• Join over 1.2 million students every month
  • Accelerate your learning by 29%
  • Unlimited access from just £6.99 per month

The Changing Role and Status of Women in Britain Since 1900.

Extracts from this document...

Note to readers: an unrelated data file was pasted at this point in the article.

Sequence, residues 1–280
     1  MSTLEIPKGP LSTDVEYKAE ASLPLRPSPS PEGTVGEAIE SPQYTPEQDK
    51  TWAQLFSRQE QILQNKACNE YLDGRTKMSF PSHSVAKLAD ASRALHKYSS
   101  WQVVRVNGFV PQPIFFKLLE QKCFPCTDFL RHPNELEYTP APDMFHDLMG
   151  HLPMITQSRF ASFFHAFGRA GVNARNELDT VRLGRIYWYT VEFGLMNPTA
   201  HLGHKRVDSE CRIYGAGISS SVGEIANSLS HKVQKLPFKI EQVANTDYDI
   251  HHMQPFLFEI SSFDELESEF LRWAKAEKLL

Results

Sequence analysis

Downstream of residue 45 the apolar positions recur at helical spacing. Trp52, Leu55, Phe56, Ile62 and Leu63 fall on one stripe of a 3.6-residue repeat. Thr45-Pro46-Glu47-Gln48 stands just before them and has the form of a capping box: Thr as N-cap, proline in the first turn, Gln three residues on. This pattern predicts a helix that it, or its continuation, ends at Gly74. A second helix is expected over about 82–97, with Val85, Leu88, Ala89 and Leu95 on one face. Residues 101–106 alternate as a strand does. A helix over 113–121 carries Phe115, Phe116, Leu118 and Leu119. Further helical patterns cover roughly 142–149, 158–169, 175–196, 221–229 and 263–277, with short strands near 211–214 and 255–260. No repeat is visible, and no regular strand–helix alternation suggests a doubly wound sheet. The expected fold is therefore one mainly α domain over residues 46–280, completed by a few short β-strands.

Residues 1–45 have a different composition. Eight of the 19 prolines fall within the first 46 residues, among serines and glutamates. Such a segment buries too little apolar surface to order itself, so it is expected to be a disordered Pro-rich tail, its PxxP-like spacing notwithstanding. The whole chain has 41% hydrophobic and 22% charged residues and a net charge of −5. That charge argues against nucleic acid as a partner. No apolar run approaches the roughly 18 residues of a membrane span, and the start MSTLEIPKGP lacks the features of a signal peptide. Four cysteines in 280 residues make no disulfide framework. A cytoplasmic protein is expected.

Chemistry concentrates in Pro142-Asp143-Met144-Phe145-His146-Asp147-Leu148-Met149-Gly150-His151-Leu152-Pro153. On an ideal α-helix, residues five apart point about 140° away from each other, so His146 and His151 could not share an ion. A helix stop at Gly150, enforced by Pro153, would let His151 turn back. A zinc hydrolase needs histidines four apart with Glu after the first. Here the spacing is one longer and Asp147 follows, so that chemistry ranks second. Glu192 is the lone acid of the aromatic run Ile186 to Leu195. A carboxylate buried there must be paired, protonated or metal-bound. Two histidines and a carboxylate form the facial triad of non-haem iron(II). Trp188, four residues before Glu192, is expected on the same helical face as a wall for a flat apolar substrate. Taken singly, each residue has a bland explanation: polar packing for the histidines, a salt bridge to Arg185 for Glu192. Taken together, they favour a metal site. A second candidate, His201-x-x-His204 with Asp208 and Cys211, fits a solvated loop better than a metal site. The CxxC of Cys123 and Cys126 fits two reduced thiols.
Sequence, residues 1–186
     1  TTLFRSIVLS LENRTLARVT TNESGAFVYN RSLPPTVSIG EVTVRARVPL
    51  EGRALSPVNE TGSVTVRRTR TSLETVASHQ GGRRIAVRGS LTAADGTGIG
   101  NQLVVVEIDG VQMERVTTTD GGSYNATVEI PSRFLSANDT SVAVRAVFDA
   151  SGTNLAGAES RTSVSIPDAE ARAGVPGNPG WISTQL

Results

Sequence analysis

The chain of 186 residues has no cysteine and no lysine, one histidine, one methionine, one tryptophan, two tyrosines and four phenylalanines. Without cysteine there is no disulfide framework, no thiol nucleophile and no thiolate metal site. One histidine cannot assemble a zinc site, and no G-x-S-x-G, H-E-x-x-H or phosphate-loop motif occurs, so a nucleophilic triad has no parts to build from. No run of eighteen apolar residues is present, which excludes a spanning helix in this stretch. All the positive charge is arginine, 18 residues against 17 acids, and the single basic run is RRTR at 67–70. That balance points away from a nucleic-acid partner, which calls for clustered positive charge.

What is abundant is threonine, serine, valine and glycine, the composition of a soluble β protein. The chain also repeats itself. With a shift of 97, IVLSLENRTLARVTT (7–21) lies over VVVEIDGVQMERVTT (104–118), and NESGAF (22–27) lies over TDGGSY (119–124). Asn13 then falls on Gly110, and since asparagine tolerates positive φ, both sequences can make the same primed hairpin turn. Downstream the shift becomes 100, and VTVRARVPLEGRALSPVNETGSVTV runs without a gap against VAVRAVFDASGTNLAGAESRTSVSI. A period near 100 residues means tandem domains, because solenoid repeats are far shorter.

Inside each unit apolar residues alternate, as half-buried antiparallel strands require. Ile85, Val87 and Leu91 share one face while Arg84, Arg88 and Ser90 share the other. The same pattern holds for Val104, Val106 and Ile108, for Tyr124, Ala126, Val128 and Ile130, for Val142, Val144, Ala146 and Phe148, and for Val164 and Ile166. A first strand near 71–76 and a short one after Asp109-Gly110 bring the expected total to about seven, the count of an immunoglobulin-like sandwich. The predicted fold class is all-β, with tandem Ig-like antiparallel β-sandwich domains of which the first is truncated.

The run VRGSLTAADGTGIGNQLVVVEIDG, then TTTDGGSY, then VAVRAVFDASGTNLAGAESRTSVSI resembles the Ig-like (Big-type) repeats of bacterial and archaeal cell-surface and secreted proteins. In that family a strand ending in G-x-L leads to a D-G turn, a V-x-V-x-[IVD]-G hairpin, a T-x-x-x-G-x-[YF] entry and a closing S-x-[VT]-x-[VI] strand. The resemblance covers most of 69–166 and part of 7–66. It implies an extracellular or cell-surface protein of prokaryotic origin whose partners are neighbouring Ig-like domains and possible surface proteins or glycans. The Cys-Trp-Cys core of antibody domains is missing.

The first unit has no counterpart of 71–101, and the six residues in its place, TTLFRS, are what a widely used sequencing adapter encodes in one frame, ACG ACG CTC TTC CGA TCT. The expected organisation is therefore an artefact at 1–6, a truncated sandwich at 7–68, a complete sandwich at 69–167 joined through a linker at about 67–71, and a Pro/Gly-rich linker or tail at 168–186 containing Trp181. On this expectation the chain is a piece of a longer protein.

The Changing Role and Status of Women in Britain Since 1900 Questions: 1) Explain why women failed to get the vote between 1900 and 1914. 2) Attitudes towards women and their right to vote had changed by 1918. How important was the First World War in bringing about this change? 1)Despite many attempts by the suffrage campaigns, between 1900 and 1914, women were still not able to get the vote. They used all sorts of methods to try and get the vote, many of which were illegal. There are a number of reasons why they did not get the vote, many of which were long term factors. Long term factors were social attitudes towards women from mid 19th century to early 20th century, and how these attitudes had to be changed in order for the women to get the vote. They had to prove themselves to the men and the government and show that they were just as good at many of the careers that men did. This would prove to be very difficult. Another long term factor was the Franchise Reform in 1900, which gave the chance for the government to choose who was to get the vote. At that moment, it was only rich people and landowners that were allowed the right to vote. Women were determined to turn around the Franchise Reform and get the right to vote themselves. It was always going to be hard for the women to get the vote especially with the understanding of many people that women were the inferior race and that both genders had different roles in the world. This theory led to the Separate Spheres Philosophy where men and women worked in different areas. Men were meant to take part in hard labour, politics and military, while women were meant to be the more domestic of the two and were supposed to stay at home and sew, cook and look after any children that they had. ...read more.